I, like you, lost too many friends; I was DJ-ing through the 70’s and 80’s and as much as I love to re-live the memories that practically every song raises, those memories have faces attached – faces gone but never forgotten.
    Who would have thought that the music we jumped and hollered to could have such a bittersweet edge.

  2. Will, this is such a beautiful testimonial. Thank you! I lived thru the epidemic too, though not in NYC, and also lost many friends. It is so damn important to remember them and what our community went through. It’s where so much of the anger we feel comes from, I believe. Thank you again for this moving personal remembrance – you rock buddy!

  3. I know this is a repeat from last year but I find myself sitting here crying all over again. This movie is so hard for me to watch. It represent lost youth, lost innocence and cherished lost friends. I need to go have a good cry. It is so painful and sad getting older when so many people died so young.

  4. I was a teen in the late 80s and part of the first generation that knew from a pre-adolescent age that sex could equal death. In fact although we were sheltered by our parents, the school system and suburbia, it wasn’t hard to feel the ominous sense that sex wasn’t something to be celebrated but feared. Not a way I would want my child to feel but at the time it more fear was better for gay teens beginning to explore their sexuality in the closet with other gay youth. I credit the fact that the generation before had become so very angry and vocal in exposing aids. Here in Vancouver that was in the form of Dr. Peter who, as a young doctor who was also suffering from AIDS, documented his very personal health struggles on a tv show funded and carried by our public broadcaster here in Canada, the CBC. I highly recommend checking out his legacy for those not aware of him.

    But now I’m 40 and the older I get the more I am aware of a lack of the role models that so many in the generation before me would have become. Gay history is not something one inherits, it’s chosen. And therein lies a dilemma, challenge and opportunity. We have a duty to remember those that came before not only because of the awareness and rights so many of us take for granted now but because despite our gains, the mainstream heteronormative culture will always largely ignore, malign and suppress cultural history on the fringe.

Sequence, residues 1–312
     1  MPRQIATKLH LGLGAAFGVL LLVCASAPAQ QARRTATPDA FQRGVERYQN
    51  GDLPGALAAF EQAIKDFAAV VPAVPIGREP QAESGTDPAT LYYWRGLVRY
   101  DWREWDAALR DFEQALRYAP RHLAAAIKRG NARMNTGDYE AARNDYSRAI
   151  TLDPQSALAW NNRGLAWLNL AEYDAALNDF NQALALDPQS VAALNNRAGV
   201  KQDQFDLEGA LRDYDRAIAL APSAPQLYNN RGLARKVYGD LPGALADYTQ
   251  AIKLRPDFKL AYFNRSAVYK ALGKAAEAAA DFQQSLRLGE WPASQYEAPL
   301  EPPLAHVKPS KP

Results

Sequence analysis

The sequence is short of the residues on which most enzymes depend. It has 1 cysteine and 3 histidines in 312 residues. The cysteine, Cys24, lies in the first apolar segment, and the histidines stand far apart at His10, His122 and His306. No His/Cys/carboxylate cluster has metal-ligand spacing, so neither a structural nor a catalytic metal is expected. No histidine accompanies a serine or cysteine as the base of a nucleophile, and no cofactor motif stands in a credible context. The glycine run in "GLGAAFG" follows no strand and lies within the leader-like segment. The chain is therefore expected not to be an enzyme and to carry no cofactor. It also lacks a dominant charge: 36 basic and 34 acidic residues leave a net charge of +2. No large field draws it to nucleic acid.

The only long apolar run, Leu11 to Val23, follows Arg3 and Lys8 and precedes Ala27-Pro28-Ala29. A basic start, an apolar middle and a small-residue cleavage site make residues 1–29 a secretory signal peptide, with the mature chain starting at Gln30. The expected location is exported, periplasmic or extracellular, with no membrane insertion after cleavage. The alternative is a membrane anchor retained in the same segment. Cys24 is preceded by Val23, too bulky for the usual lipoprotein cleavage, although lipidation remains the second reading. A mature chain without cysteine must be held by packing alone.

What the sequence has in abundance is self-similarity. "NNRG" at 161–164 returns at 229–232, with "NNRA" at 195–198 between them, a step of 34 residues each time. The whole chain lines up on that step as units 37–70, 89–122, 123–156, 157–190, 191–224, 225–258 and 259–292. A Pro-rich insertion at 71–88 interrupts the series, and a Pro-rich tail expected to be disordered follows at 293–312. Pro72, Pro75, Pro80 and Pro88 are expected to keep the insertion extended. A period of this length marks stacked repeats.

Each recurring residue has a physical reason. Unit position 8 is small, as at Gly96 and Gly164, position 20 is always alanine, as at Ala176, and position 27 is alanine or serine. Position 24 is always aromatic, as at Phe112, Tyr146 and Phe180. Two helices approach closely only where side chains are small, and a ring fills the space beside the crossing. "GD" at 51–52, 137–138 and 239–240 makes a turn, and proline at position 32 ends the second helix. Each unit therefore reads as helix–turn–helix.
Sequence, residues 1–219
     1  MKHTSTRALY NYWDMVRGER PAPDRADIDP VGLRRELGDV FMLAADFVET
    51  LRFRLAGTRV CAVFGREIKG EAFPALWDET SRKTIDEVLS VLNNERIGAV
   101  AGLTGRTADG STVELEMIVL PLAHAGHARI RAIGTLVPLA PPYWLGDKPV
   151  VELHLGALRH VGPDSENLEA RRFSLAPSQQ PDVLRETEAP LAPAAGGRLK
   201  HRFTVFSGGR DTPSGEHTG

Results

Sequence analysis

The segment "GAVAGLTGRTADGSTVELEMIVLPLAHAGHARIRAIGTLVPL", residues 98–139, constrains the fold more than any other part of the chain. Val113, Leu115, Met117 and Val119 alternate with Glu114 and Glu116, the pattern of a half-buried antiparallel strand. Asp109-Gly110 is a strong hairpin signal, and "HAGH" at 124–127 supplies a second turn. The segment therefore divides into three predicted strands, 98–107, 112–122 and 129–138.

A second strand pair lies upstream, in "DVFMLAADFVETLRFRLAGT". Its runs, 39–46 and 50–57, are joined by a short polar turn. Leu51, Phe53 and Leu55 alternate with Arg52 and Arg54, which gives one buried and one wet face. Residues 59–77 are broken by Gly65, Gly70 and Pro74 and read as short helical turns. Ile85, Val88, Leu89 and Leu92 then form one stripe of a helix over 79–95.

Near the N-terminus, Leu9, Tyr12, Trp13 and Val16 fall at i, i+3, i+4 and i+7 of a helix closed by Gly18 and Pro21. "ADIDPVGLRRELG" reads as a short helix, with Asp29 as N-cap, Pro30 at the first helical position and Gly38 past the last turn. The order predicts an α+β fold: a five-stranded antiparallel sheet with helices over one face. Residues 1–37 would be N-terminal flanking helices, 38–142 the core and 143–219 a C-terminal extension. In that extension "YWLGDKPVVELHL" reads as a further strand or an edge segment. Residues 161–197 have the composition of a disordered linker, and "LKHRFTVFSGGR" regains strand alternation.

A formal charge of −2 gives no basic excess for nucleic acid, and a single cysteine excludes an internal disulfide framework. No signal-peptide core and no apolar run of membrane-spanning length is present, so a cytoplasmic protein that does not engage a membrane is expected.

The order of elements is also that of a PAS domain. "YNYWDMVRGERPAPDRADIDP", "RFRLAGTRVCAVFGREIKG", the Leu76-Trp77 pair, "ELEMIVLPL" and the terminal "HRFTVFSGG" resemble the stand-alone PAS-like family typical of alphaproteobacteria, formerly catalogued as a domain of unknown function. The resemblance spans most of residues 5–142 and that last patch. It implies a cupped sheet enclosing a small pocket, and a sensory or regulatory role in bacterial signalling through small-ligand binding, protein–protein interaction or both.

I wish there were more of that generation around partly (selfishly perhaps) because if AIDS hadnt taken so many at so young an age they would have revolutionized how gay men experience aging like the larger baby boom generation is. That is so important because the role of the community in our aging experience – which is largely one of relying on friends as opposed to children – is and will continue to be so vital.

    Anyways, thanks for that post and this post and this website. Much appreciated.


    1. That was a very thoughtful contribution.

      Stay with me on another was of looking at this.

      This may be provocative but I sometimes think if we had not had AIDS we may not have had gay marriage today. Well AIDS and the Stonewall Riots. Stonewall was very liberating for gay people but our liberation resulted in very casual and frequent sex for many of us. And it often remained very private and closeted. But AIDS forced many gay men out of the closet. I remember so many men wasting or on crutches or in wheel chairs. It was so tragically sad. But they were also very visible. And gay men and gay women rallied to care for each other in a very visible way. In so many ways AIDS made my generation very very visible. I think that gave a lot of inspiration to your generation and the next to stand up in a very healthy way and to demand respect and acceptance. I think my generation started the acceptance movement but the next generations demanded very loudly that they were never going to be left behind or hide in the same closet that so many of my generation did until illness forced so many out.

      Congratulations to all who survived AIDS and all those who moved our cause forward in a magnificent way! But we still have a long way to go.